She was leaning in close, her face just a few inches from mine. After my coat was on, she was straightened my hair, and asked me in a soft voice how Taffy was. She liked Taffy a lot. So, I happily told her that Taffy was now in a better place. He was on a wonderful farm where he could chase the other animals all day long. Lots of open space, where he would be happier. My parents had taken him there. I was too young to understand why her face changed so suddenly. I didn’t understand her expression. She instantly went from soft and caring to sickly. I didn’t get it at all. I thought maybe she was going to be sick, and I was worried about her. And, even though she was probably about to throw up, she also seemed very worried about me. I never forgot that moment. It would keep coming back to me over the years. I eventually grew to understand exactly what had happened.
I eventually grew to understand there was no Santa, Easter Bunny or Tooth Fairy. I eventually grew to understand that the reassuring story about “the farm” was just a common dodge for parents to get out of a tough conversation about dead dogs. Just as common as saying someone “had woken up on the wrong side of the bed” to avoid saying they’re being a total asshole today….or every day. I was long over Taffy’s departure when I learned all this. So, I never asked my parents why they had lied to me. What’s the point? I had also grown up to understand the concept of a white lie. I know my parents would do everything they could to avoid being accused of murdering our dog. But, I also know they wanted me to be happy for Taffy. They wanted Taffy’s departure to be easier for me. I understand that. So, why bring it up? But, none of this ever faded away for me.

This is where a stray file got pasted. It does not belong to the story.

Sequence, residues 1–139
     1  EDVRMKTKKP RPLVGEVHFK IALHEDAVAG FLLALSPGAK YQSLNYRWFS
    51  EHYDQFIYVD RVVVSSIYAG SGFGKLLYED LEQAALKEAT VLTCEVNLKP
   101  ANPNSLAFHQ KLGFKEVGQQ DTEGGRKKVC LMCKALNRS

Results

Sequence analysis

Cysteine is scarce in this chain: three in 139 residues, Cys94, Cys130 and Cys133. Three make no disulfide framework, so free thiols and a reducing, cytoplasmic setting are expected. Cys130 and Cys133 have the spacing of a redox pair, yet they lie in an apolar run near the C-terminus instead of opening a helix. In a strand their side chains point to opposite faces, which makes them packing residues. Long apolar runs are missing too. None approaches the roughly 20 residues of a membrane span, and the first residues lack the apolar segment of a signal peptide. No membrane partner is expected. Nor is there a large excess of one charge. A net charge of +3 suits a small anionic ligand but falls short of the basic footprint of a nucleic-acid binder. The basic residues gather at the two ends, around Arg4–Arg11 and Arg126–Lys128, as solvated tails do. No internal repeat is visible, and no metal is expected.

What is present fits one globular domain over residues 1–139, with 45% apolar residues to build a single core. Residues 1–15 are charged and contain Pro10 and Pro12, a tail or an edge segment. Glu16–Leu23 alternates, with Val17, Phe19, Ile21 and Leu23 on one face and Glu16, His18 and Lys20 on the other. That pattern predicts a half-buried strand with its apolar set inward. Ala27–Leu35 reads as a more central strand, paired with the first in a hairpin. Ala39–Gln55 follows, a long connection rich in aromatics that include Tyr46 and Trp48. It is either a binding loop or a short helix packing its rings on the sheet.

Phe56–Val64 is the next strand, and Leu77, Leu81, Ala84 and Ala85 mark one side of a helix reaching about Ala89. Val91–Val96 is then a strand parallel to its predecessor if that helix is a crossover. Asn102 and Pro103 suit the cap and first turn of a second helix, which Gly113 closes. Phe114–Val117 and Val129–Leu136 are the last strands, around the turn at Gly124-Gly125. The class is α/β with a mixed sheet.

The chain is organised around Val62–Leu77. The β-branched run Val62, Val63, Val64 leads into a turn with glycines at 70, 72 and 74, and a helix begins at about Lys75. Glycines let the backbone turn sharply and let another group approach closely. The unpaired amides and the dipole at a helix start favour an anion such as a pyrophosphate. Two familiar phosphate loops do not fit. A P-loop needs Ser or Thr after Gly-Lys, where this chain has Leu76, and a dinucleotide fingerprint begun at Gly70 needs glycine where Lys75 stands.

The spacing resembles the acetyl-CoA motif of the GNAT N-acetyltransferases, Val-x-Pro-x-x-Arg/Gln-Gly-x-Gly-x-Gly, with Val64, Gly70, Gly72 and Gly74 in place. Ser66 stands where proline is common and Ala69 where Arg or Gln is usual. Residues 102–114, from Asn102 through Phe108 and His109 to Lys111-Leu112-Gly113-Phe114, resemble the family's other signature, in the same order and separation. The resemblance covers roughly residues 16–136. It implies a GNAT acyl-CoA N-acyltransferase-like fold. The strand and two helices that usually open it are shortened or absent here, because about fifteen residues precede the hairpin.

The reason it always stayed on my mind was because of that moment at my best friend Scott’s house. That sudden change in expression on his mother’s face, so close to mine. That sickly look, when her soft face turned hard, and all the lines in her face were sharp. As I eventually learned about the common “farm” dodge for parents who’ve just put down the dog, I understood her reaction. That poor woman. I had learned what it feels like to wish you hadn’t said the worst possible thing. I had learned what it feels like to see that someone is being a gullible fool, they’ve clearly been lied to, and they’re living in a dream world. I had learned what it feels like to be the first one to tell a kid…there is no Santa Claus.
I had also learned that I have a pretty dark sense of humor. So, the fact that I had so effusively shared my parent’s lie with Scott’s mom is pretty damn funny to me. Here’s this kid in front of her, so happy to share that his parents have murdered his dog. He’s repeating one of the most common phrases to describe a dog’s death, and he has no idea what he’s saying. He sounds like a complete idiot. She was just innocently making conversation with a child and stepped on a land mine. She must have really felt awful, and wished she could just vanish. She was probably thinking that even this idiot child would now suddenly figure out what had really happened to his dog, just by hearing his own stupid response to her innocent question. She winced after hearing the “click” when she stepped on the mine. She was clenched, waiting for the explosion when I suddenly figured out the truth. But, nope. She didn’t get blown up. She was safe. I’m a moron. I didn’t figure it out until years later.